Credit Bureau Changes Will Ease Medical Debt Pain for Just a Few

Too many Americans have bad credit because of unpaid medical bills. But despite two reforms in how those bill will be reported to credit burueas, the Fort Leavenworth Lamp reports “that’s not likely to change any time soon.”

Here’s what changes starting Sept. 15:

  • There will be a 180-day waiting period before unpaid medical debts can show up on people’s credit reports.
  • Medical collections will be deleted from credit reports if they’re paid by health insurers.

But the waiting-period change will help only a few, according to an analysis by FICO, the leading credit scoring company.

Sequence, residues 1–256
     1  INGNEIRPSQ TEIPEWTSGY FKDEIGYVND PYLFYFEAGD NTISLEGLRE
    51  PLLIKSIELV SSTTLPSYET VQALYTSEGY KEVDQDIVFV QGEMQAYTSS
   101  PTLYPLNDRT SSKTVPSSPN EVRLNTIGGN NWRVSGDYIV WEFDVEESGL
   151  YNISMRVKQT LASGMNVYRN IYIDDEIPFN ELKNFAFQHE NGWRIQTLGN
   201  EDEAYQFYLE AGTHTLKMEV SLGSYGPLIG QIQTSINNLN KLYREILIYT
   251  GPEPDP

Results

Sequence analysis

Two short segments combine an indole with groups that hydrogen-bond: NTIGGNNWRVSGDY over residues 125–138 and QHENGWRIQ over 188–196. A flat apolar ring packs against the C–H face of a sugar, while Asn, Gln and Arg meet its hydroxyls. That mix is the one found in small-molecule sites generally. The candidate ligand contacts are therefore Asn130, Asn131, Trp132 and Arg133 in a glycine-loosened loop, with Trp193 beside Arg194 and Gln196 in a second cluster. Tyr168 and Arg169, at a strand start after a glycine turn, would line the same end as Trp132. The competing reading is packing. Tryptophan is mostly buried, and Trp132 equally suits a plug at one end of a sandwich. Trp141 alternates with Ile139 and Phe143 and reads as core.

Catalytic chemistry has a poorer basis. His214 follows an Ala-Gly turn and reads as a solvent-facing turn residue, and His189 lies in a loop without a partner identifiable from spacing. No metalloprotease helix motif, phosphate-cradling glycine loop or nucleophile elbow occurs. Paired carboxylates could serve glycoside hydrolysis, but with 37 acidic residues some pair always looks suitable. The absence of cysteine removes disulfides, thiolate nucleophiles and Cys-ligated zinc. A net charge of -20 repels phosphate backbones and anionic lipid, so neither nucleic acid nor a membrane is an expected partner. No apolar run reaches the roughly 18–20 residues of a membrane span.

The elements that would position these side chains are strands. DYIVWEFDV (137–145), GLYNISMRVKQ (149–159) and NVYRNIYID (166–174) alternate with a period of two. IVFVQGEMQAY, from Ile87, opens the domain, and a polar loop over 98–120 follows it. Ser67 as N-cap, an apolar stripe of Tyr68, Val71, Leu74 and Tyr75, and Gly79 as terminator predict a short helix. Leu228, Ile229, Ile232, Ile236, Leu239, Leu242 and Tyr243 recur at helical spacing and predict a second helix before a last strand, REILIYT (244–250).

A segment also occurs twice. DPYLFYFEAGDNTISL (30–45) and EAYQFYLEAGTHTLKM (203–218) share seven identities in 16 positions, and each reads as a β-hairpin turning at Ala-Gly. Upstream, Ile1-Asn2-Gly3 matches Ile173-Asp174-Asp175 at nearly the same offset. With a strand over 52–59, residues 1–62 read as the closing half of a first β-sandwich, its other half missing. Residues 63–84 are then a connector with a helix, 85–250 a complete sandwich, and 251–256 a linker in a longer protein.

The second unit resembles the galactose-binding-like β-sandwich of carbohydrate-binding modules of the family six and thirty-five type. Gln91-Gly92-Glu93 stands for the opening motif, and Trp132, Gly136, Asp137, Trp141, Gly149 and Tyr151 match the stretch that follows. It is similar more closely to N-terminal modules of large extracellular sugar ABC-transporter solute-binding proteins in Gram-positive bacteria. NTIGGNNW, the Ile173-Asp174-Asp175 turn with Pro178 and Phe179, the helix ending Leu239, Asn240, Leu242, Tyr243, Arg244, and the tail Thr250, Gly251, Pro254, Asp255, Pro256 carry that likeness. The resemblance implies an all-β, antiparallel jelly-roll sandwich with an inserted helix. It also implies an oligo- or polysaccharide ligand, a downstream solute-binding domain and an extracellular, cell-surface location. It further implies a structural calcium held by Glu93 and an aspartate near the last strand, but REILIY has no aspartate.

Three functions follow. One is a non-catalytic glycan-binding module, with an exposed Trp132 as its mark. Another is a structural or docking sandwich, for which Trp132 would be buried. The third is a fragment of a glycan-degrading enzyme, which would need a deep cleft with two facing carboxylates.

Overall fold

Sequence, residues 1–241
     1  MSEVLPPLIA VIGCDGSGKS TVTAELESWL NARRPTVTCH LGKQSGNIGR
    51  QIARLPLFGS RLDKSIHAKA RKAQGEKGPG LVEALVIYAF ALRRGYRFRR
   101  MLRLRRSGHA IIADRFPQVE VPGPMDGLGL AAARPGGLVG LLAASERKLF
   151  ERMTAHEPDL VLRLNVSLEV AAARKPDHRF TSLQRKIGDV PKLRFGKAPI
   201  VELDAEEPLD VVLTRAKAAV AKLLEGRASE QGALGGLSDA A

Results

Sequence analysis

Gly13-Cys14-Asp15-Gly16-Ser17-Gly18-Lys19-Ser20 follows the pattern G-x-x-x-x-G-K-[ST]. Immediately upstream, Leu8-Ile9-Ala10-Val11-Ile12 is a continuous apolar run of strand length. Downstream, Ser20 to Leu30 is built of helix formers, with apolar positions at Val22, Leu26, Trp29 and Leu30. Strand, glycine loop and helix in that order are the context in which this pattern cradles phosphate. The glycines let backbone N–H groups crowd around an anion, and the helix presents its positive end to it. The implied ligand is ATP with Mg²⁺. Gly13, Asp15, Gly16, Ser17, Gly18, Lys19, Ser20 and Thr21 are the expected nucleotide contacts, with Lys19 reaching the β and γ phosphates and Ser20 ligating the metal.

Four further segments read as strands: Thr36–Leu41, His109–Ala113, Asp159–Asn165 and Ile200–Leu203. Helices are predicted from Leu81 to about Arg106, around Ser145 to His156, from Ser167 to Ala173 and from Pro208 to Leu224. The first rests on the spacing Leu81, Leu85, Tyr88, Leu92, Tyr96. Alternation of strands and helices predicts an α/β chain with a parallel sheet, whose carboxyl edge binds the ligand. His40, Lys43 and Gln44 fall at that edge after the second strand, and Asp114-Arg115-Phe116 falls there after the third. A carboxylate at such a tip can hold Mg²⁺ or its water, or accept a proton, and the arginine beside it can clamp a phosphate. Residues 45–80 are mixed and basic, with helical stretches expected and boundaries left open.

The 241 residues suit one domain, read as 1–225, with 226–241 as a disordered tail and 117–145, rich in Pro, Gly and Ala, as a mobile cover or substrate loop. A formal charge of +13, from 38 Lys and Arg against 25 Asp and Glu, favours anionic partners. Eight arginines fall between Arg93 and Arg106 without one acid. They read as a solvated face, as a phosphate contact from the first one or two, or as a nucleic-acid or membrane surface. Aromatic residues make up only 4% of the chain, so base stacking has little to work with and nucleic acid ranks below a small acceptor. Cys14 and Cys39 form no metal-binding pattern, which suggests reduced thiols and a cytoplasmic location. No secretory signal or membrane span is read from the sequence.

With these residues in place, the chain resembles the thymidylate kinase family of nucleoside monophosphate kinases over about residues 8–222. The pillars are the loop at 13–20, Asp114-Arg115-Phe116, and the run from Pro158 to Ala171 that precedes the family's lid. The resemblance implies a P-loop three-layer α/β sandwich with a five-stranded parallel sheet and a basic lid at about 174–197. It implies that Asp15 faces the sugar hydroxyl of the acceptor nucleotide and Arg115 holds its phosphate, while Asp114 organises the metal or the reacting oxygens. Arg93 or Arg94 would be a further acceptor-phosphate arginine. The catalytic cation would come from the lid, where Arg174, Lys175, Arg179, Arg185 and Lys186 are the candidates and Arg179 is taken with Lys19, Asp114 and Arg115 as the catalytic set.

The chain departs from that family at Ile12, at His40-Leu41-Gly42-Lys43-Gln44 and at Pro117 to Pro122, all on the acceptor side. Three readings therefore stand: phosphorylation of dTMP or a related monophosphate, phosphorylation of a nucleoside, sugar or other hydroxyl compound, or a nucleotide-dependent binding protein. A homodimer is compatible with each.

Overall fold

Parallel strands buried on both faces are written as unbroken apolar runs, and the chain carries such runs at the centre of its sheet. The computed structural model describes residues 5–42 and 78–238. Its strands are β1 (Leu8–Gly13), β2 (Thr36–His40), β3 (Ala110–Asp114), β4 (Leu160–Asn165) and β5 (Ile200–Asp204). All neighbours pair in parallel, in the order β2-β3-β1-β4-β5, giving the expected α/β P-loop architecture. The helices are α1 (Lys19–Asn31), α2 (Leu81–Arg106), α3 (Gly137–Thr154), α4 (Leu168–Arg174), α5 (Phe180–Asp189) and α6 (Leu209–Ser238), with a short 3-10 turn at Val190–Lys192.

Its data scientists found that only about 200,000 people, or less than 0.1% of the 220 million people with a credit report, will be helped by the six-month reporting delay.

‘This isn’t going to have a substantial impact,’ says Ethan Dornhelm, vice president for score and analytics at FICO.

That’s because the waiting period just codifies what’s already common practice. Medical providers may hire collectors to contact patients when bills are as little as one day overdue, but the debts typically aren’t reported to the credit bureaus until at least 180 days have passed since the default, says Rick Gundling, senior vice president at the Healthcare Financial Management Association, a trade group.

For more information on the issues surrounding medical debt, please contact RIP Medical Debt.